Takeo and the others descended from the hill. They stepped over the casualties that lay strewn on the ground, their eyes wide and disbelief covering their grimy faces.
One of his comrades whispered, “Incredible.”
Zen felt the scrutinizing stares of his fellow soldiers. They exchanged nervous looks among each other, but they remained silent. Zen waited for them to circle around him and congratulate him for his bravery, but they looked at him as if he were a walking spirit.
Breaking the uncomfortable lull, Zen paused to pray over the still bodies of the fallen enemy. The soldiers followed proper decorum with a bow of their heads.
Takeo placed his gloved hand on Zen’s back. “I never tire of watching you in battle. It is a thing of beauty, Dragonfly Warrior.” He closed his eyes and bowed over the dead. “I would have assisted you, but it was obvious you did not need me. I do not know why I even bother promising your father to watch over you. You need no protecting.”
Zen flicked his blade once more before putting it away. “Do not call me the Dragonfly Warrior.”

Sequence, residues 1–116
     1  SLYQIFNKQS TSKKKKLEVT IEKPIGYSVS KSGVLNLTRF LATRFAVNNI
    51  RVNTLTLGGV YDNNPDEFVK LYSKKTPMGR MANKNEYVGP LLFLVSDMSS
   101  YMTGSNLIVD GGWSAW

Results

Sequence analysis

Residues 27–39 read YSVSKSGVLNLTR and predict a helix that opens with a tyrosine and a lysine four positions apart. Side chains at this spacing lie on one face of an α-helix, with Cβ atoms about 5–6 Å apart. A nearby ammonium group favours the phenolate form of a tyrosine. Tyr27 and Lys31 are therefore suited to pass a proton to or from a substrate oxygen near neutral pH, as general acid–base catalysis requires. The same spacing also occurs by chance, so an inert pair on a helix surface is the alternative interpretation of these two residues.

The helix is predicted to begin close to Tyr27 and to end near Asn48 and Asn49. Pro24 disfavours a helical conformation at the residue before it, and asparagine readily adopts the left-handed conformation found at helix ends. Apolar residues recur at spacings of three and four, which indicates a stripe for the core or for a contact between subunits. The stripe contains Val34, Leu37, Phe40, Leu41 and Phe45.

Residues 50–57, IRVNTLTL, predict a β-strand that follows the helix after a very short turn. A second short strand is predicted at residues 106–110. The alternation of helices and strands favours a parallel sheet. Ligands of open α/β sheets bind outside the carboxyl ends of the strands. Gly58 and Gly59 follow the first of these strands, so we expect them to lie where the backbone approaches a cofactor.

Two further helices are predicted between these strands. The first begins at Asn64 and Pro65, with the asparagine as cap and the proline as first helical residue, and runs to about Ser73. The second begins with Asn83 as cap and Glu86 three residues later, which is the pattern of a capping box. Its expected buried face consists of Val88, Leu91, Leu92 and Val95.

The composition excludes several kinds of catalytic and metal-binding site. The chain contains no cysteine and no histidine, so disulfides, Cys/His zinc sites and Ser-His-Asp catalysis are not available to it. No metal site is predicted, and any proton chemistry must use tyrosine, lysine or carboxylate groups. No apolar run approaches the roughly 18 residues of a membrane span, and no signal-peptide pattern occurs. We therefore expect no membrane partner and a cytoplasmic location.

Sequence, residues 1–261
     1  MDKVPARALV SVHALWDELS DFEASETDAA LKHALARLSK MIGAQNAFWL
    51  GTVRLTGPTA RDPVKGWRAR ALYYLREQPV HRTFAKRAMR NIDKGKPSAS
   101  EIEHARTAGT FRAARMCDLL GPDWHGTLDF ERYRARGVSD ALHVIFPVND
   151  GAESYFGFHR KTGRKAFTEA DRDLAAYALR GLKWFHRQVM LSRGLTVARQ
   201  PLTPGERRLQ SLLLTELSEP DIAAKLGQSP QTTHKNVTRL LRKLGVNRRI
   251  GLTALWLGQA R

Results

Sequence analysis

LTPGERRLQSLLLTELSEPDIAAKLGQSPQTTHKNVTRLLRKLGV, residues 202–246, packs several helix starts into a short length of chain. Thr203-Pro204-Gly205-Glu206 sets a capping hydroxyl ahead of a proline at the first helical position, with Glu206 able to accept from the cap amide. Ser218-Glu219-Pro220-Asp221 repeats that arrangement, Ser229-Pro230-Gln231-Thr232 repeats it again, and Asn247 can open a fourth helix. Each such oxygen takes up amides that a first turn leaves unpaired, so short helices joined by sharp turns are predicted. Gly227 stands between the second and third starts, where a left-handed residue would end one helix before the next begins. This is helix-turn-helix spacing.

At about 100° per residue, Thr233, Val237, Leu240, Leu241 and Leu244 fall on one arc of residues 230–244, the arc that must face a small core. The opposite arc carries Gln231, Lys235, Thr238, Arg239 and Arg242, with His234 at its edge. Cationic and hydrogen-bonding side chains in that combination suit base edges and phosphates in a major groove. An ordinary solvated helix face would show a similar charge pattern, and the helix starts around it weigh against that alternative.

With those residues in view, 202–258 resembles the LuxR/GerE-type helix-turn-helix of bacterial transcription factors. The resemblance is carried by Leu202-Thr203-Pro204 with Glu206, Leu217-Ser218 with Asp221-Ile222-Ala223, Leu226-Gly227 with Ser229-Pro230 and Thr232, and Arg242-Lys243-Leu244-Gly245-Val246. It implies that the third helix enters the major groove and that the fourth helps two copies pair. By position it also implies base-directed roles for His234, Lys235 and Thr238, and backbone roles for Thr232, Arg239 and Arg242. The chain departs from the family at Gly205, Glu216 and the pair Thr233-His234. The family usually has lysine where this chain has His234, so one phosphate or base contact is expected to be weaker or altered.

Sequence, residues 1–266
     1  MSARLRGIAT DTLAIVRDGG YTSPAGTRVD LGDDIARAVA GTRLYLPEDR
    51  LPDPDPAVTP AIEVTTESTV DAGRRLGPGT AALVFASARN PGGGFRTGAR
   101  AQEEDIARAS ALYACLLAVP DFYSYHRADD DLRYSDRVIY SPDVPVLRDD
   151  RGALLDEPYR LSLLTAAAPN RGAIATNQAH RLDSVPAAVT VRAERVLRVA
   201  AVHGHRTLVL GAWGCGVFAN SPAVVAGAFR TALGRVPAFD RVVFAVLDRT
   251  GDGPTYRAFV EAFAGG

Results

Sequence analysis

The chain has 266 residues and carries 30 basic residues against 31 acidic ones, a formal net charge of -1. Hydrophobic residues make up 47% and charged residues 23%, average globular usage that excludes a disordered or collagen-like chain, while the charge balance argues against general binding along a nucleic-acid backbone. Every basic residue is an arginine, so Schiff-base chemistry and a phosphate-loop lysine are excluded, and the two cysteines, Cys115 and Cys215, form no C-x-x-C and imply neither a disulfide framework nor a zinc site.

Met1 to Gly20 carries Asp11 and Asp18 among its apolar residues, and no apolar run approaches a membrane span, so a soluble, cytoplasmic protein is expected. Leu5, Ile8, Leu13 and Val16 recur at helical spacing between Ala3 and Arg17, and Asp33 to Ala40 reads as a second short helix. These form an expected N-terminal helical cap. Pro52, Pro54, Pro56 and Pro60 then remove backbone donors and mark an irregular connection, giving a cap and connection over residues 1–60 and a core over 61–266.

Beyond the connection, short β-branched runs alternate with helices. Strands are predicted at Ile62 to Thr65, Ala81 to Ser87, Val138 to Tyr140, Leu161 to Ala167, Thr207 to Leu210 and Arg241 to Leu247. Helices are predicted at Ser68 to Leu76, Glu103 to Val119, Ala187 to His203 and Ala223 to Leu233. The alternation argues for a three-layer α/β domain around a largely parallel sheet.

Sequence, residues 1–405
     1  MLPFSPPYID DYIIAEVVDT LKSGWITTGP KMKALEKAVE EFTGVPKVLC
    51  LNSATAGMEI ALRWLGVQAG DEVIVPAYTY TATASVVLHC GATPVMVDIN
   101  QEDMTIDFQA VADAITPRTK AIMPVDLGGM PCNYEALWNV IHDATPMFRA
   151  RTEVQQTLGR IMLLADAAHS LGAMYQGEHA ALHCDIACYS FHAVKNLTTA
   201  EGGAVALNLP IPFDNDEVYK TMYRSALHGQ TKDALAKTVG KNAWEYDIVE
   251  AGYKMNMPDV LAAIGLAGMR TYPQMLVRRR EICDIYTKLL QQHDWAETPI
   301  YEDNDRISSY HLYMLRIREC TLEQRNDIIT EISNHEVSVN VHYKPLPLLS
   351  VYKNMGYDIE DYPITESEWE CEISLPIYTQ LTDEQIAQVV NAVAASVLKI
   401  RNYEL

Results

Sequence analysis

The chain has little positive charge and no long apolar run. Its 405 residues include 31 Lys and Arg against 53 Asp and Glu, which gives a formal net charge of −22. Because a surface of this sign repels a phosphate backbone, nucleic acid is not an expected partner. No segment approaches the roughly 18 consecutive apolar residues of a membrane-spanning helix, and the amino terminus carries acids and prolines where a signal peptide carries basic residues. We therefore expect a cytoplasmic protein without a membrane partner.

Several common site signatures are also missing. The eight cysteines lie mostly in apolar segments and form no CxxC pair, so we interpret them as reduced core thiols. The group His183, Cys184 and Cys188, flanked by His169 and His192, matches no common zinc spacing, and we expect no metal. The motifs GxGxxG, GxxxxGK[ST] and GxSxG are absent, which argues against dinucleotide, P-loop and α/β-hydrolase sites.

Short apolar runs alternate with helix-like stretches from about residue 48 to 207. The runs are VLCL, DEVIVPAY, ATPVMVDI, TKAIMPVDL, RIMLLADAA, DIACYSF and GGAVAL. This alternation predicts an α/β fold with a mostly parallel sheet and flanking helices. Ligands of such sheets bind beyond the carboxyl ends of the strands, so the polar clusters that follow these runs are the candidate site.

The Ishen faded, and Zen felt all of his senses return to normal. His body loosened, and his lungs felt as if they took a much needed deep breath after being underwater for too long.
“Seriously, Zen. As a general, I should be commanding our brigade against the Kaga column, not out here on the fringes hiding about in the woods and fighting a guerrilla war.” Takeo led them down the small hill towards the edge of the forest.
“This is pure combat,” Zen insisted. “I prefer this to marching among another five thousand soldiers or being in a mechanized unit, riding around in the confines of a cramped gun carriage or locomobile.”
“If you say so.” Takeo’s angled face hardened. “The way is clear. We will join the approaching regiment and strike from the west. When this day is done, we shall have forged a new country.”
The thunderous march of the Kanze soldiers grew louder, and Zen returned his sword to its sheath and reloaded his pistol. In the quiet of the moment, he thought of his lost mother once again.
The wars between the twelve provinces would soon be over.
They will be one country.
One Nihon to stand against the world.
About the author: Jay Noel is a medical sales warrior by day, writing ninja by night, and the author of The Mechanica Wars series. The first book, Dragonfly Warrior is now available, and the next installment, The Shadow Warrior will be out in June 2014. He loves science fiction, fantasy, literary fiction, biographies, and chocolate chip cookies. Email him at firstname.lastname@example.org or follow him on Twitter at @jnoelwriter.